¶ 16. In determining whether a series of contumacious remarks represents discrete contempts or constitutes a single contemptuous episode, it is appropriate to focus on “the factors of time and place and whether the offenses were motivated by a single criminal objective.” State v. Lingwall, 637 N.W.2d 311, 314 (Minn.Ct.App.2001) (citing State v. Brown, 597 N.W.2d 299, 305 (Minn.Ct.App.1999)). Here, the exchange between defendant and the court occurred in one location and lasted approximately twenty seconds. It was not interrupted by any court proceedings other than citations for contempt. Cf. Smith v. State, 382 Md. 329, 855 A.2d 339, 346 (2004) (affirming consecutive sentences where the defendant's contempt convictions “resulted from distinct acts, separated in time and focus by at least several minutes of unremarkable, normal discussion or exchanges arguably relevant to the purpose of the proceeding”). Furthermore, defendant's original insult and his renewed attack in response to the court's contempt sentence flowed from a single criminal objective-to flaunt his disrespect for authority in open court. The dissent points out “that the opportunity for further contempt arose from, and that the second and subsequent insult was inspired by, the trial court's contempt sentence and refusal to let the first insult pass without consequence.” Post, ¶ 21. But acknowledging that the court's first contempt citation was inspiration for further contempt fails to negate the spatial and temporal proximity and the unified criminal objective of defendant's statements. The statements are properly characterized as a single contemptuous episode.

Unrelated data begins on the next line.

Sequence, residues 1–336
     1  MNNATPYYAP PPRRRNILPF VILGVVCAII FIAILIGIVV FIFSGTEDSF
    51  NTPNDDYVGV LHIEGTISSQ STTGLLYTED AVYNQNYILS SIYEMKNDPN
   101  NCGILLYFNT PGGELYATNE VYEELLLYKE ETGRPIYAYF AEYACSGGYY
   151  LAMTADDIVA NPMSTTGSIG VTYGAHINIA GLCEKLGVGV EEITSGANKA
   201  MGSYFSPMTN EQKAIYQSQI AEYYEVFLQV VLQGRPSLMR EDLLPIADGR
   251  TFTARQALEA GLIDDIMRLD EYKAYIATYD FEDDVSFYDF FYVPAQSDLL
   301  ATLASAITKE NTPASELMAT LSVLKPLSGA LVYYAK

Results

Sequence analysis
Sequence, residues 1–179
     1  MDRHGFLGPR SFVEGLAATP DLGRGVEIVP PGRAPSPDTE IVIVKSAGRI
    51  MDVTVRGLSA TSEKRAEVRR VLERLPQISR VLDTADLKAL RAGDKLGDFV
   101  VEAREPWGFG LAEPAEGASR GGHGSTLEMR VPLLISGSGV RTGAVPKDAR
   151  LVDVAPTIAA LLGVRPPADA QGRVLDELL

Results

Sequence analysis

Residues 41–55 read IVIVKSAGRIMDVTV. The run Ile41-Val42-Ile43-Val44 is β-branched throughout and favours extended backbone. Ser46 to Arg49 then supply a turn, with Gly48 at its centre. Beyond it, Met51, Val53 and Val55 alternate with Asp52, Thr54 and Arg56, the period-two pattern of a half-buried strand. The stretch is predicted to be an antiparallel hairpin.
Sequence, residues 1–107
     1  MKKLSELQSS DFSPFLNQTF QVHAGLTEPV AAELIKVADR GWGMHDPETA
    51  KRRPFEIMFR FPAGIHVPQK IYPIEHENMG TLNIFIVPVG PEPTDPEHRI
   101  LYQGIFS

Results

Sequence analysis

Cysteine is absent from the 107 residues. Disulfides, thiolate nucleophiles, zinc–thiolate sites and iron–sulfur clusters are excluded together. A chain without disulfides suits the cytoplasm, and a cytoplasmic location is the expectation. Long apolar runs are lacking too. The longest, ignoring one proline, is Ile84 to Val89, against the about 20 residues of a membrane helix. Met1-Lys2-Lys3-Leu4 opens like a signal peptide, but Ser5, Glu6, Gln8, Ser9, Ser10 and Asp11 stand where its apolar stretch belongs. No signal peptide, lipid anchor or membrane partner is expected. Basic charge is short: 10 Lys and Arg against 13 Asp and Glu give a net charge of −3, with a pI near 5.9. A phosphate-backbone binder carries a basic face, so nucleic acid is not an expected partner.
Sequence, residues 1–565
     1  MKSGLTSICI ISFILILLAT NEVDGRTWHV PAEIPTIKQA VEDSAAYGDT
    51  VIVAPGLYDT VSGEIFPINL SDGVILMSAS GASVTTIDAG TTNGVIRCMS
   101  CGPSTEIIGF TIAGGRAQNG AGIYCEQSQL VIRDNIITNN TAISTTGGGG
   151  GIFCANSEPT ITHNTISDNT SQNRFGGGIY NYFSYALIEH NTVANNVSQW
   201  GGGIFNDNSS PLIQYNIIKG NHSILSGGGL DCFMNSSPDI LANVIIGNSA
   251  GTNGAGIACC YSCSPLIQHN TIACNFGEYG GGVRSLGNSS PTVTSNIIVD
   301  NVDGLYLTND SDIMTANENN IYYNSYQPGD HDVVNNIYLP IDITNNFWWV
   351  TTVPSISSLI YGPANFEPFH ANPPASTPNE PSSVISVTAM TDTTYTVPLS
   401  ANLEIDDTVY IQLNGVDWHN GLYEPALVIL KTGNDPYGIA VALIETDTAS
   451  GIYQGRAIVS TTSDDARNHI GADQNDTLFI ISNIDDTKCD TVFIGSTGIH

¶ 17. Having determined that defendant's three remarks formed a single contemptuous episode, we must next decide whether the court abused its discretion by punishing the remarks with consecutive sentences. When multiple statements form such an episode, some jurisdictions have taken the relatively drastic approach of reversing convictions and vacating sentences for all statements except the first. See, e.g., Butler v. State, 330 So.2d 244, 245 (Fla.Dist.Ct.App.1976) (vacating five judgments of contempt where the six contempts were a single outburst); Lingwall, 637 N.W.2d at 315 (vacating two of three sentences where “there was not a sufficient break in [defendant's] conduct to make it separate behavioral incidents”). We might be more inclined to take this approach if separate sentences were imposed for elements of a unified contemptuous act rather than for separate acts that formed a single episode. See, e.g., Commonwealth v. Williams, 2000 PA Super. 165, ¶ 32, 753 A.2d 856 (vacating consecutive sentences and remanding for resentencing on one count of criminal contempt alone where the defendant's “verbal utterance and hand gesture were contemporaneously executed, and [the defendant's] hand gesture is universally recognized throughout Western civilization as having the same meaning as his foul utterance”). But here, defendant hurled a series of three separate insults at the court. Each insult was a distinct vulgar act. Restricting trial judges' authority to impose additional sentences for additional contemptuous acts would allow a contemnor to continue insulting the court without consequence and would thus undermine the judge's authority to maintain the order and dignity of the court. We decline to eviscerate in such a manner the power of summary contempt conferred upon trial courts by the rules of criminal procedure.